A number of articles and blogs have attracted our attention recently including:

Lies, Lies and Damned E-Book Lies: Where WSJ Got It Wrong.  Forbes Contributor, Jeremy Greenfield debunks the figures cited in a widely read Wall Street Journal article titled “Your E-Book Is Reading You.” Quoting figures from the Association of American Publishers, the article stated that “e-books generated $282 million in sales, compared to $230 million for print.”  Well evidently, that figure was for hardcover titles not paperbacks.  According to Mr. Greenfield’s analysis “the true number that should be reported when it comes to digital versus print revenues as tracked by the AAP is $1.52 billion in print revenues versus $380 million in digital revenues (counting downloaded audio).”

(Mr Greenfield is also Editorial Director of Digital Book World

Finch Report Reignites OA Storm.  Joanna Ptolomey does a nice job covering the “contentious debate” around the Finch Report and its perceived support for switching the “model of economic delivery for OA from the Green to Gold.”  She provides straightforward definitions of the Green and Gold models as well as concise discussion of the pros and cons.

Plum Analytics Maps Success in Open Access Scholarship.  Recounts the efforts of  Plum Analytics a new start up that, “offers universities and other research institutions a way to track how researchers on staff have fared in the open access (OA) milieu.”  It attempts to answer questions like: Where and how often have what they have written been referred to? What about the same information for co-authors, even ones not working at the client institution? What venues produce the best results for spreading the word?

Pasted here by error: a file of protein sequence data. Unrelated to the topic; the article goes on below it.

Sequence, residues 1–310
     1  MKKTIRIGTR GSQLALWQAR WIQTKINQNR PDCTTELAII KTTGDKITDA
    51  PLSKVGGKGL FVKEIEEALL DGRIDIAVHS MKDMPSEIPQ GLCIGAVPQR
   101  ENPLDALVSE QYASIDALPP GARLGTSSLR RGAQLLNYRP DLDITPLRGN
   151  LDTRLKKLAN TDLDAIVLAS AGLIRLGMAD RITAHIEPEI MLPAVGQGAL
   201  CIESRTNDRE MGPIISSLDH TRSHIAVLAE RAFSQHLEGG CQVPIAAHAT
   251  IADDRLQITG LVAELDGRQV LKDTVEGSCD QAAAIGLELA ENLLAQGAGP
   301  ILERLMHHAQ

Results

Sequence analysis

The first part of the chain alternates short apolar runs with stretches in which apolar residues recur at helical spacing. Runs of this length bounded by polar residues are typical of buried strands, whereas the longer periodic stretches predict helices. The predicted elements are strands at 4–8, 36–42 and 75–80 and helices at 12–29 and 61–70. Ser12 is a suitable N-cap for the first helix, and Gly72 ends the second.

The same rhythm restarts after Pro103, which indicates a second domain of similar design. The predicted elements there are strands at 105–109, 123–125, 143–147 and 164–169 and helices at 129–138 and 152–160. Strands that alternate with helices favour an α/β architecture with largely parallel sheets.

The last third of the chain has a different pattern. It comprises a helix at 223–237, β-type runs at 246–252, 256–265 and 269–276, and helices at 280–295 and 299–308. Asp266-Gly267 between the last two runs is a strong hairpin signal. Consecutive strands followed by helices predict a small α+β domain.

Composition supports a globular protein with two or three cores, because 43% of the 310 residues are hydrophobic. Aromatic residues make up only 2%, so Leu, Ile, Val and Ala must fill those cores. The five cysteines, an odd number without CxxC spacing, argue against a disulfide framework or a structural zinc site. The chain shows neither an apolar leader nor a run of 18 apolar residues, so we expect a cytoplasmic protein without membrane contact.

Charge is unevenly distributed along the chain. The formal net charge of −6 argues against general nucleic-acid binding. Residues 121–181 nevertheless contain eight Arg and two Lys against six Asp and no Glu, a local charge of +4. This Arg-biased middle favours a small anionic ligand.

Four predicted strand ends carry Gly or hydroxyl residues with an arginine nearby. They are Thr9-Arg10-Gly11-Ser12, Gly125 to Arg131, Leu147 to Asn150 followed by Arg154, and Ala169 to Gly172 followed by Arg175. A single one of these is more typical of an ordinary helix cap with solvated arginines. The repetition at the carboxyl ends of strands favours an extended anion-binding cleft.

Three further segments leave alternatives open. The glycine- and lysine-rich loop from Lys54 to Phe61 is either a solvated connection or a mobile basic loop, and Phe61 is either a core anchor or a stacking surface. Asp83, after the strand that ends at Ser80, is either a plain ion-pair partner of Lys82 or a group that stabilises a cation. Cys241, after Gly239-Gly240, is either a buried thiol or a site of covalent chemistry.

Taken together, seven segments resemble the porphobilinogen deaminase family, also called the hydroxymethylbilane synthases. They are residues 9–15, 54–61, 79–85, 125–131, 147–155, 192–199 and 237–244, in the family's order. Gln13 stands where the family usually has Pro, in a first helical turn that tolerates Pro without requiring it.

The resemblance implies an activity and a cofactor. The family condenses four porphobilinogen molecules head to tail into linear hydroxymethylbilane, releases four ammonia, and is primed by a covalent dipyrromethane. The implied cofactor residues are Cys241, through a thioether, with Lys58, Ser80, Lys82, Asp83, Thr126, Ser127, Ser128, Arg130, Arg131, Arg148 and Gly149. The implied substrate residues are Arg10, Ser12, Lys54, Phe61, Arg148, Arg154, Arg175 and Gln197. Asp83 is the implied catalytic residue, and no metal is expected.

3 Things You (Probably) Didn’t Know about Google Scholar.  This article will tell you how to get Google Scholar to “tell you if your library has access to the article you want,” integrate Google Docs’ “Research Feature” with Google Scholar and how to get Google Scholar to “tell you not only how many times an article was cited, but  also generate a list of those publications.”

PeerJ formally announced: Innovative new business model for open access.  Here is blog post from science librarian John Dupuis that describes PeerJ the new start up from Peter Binfield and Jason Hoyt as “kind of like a cross between PLoS ONE and the arXiv” noting that it will be “like arXiv in that it will be a large collection of articles that will be at least somewhat unstructured. But at the same time, like a PLos ONE, will also have very strict peer review.”  Mr. Dupuis also supplies the press release and some Q&A’ he received from PeerJ.

 

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